[p.116]: His army was joined by the forces of tributary kings, and increased as he went on. On his approach the king of Darvabhisara fled in terror and there was no fighting. The Kashmirian army caught several lions and confined them in a fort, a sort of abode in which they had never lived before. The king then marched for the conquest of Gurjjara. Prithivi-chandra the king of Trigarta hid himself, but his son Bhuvanachandra, on whom the king of Kashmira had bestowed wealth before, came to pay homage. But when he saw the large army of Kashmira, he became afraid of being captured, and accordingly turned and fled. The king of Kashmira, whom the historians describe as a very handsome man, was regarded by other kings as Death. Shankaravarmma easily defeated Alakhāna king of Gurjjara who ceded Takka a part of his kingdom to his conqueror. The king of the Thakkiyaka family took service as guard under the king of Kashmira. The latter caused the kingdom of the Thakkiya king which had been usurped by the king of Bhoja to be restored to him. The king of the country which lay between Darat and Turushka, (as the Aryavarta lies between Himalaya and Vindhya,) Lalliya Shahi by name, who was among kings even as the sun is among stars, and was also lord over Alakhāna, did not submit to the king of Kashmira, on which the latter drove him out of his country.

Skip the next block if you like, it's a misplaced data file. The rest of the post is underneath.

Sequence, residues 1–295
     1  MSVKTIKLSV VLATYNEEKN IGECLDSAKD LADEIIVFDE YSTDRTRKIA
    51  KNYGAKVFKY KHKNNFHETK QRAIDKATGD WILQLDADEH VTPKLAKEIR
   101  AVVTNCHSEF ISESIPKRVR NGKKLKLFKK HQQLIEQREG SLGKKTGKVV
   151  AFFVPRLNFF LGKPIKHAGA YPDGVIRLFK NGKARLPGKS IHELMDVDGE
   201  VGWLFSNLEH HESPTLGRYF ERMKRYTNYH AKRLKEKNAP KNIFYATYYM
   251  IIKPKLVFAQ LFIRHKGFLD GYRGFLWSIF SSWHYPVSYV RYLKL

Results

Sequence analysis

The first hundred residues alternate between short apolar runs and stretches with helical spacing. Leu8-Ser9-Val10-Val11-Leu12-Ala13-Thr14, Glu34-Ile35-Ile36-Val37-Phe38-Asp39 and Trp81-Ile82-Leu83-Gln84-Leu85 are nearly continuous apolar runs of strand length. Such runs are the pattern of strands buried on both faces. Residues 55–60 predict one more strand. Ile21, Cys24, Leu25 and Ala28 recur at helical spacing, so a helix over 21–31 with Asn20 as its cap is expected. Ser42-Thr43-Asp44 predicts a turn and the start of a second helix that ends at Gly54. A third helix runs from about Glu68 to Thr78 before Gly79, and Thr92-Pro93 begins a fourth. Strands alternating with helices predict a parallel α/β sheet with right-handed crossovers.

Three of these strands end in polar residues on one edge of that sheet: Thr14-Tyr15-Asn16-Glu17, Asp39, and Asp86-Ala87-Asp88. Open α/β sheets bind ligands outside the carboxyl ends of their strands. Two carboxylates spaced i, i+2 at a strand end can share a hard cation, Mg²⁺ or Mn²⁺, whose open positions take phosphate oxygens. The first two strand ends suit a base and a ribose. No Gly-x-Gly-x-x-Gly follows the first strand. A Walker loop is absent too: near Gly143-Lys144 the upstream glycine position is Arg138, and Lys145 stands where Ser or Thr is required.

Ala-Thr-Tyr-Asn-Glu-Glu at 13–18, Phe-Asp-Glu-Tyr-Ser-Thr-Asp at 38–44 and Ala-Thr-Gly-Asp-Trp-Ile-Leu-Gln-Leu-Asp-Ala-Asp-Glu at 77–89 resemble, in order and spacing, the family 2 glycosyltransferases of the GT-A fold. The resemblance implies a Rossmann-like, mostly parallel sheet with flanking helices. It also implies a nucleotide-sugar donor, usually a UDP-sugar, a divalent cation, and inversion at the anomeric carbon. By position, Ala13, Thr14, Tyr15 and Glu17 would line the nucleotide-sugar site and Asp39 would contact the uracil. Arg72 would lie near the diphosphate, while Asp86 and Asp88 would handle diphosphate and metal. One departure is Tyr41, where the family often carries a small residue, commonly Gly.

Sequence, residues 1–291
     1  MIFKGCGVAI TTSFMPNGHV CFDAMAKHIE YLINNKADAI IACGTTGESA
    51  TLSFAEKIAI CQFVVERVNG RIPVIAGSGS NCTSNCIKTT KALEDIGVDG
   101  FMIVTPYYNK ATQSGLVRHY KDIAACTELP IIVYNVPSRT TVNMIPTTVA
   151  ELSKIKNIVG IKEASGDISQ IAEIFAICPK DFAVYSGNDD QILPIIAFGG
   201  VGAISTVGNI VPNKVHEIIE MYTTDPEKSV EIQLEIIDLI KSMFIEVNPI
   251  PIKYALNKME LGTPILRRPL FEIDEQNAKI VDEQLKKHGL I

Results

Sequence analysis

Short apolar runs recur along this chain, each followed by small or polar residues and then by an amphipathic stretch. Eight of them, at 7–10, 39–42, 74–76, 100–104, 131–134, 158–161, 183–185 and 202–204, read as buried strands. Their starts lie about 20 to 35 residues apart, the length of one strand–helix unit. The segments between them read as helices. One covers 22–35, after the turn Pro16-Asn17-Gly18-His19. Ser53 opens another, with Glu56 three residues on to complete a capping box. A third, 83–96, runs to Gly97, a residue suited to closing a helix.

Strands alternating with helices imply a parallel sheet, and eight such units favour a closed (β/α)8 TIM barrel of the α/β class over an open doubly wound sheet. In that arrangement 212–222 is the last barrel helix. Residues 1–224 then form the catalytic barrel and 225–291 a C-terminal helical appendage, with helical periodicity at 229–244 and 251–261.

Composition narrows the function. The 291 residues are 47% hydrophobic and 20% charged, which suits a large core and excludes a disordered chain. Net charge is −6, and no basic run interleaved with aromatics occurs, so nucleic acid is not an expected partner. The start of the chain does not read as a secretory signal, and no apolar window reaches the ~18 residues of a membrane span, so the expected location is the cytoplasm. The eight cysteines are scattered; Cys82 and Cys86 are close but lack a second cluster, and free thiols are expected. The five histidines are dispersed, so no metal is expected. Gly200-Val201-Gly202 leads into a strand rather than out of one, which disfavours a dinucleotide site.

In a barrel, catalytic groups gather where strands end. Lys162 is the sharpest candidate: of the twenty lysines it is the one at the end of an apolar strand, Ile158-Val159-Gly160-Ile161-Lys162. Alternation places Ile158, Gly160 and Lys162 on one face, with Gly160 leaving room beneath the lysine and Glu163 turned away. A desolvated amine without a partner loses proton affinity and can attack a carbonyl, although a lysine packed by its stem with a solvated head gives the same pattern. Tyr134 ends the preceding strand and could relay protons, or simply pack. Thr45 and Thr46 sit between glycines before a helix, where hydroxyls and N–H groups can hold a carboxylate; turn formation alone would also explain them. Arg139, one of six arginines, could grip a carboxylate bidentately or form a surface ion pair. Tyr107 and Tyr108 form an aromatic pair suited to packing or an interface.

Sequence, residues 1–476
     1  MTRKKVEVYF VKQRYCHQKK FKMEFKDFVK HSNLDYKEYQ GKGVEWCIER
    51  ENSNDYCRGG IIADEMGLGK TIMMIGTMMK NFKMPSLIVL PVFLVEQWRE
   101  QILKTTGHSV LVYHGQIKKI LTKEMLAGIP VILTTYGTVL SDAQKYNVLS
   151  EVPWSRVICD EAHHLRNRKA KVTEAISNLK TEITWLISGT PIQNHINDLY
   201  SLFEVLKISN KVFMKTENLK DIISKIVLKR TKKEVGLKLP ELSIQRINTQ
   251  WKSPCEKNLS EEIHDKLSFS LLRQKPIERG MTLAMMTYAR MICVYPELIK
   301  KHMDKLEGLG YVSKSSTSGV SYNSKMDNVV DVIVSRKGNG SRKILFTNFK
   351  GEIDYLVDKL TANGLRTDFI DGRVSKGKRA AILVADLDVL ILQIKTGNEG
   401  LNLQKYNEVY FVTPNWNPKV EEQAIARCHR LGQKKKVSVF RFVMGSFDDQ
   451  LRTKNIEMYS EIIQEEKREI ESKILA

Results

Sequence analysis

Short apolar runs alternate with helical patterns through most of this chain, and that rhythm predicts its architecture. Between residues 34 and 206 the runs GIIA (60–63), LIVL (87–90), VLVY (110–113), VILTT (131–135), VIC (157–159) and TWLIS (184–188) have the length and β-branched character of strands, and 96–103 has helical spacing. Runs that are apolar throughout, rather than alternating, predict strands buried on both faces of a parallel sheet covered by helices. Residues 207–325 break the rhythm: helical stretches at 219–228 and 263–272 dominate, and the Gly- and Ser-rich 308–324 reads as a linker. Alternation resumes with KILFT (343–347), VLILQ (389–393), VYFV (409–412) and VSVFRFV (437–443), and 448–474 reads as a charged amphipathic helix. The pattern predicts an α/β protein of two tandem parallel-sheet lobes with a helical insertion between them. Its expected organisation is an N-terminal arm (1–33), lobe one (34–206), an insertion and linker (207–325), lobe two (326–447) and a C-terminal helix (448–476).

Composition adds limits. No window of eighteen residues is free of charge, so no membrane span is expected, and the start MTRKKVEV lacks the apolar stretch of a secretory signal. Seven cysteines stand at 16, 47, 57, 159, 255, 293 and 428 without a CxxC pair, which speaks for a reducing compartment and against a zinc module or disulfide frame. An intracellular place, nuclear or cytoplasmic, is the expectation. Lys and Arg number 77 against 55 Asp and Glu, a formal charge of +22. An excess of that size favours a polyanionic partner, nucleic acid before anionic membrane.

After his conquest, Shankaravarmma returned to his country, and built a town named after him in the

[p.117]: province of Panchasattra. In that beautiful town he also set up two images of Shiva, Shankaragaurisha and Sugandhesha — the former named after himself, and the latter after his queen Sugandha, daughter of Shrisvami, king of Udakpatha. One Nayaka, a learned man, built another temple to Sarasvati in tha neighbourhood of the above mentioned temples. Poots purloin from each other's poetry, and the great rob other men of their properties and thereby increase the beauties of their own works. In order to adorn this new-built town, tho king conveyed into it beautiful things from Parihasapura. The salo of beasts for which the town of tho Pattavas was celebrated, now went on in this new-built city. Ratnavardhana the minister, who had raised tho present king to the throne, set up a Shiva named Shriratnavardhana. It is strange that the king who had once done glorious acts, now began to do things which were evil. He became avaricious, and began to oppress his subjects. His treasury was empty, and in order to meet the heavy expenses of his luxury, he at last, and after consultation with his advisers, commenced to plunder the temples. He raised money from towns, houses, and villages, and created two offices named Attapatibhaga and Grihakritya.* He cunningly appropriated the money which was set apart for the purchase of incense and oil for the use of the temples. And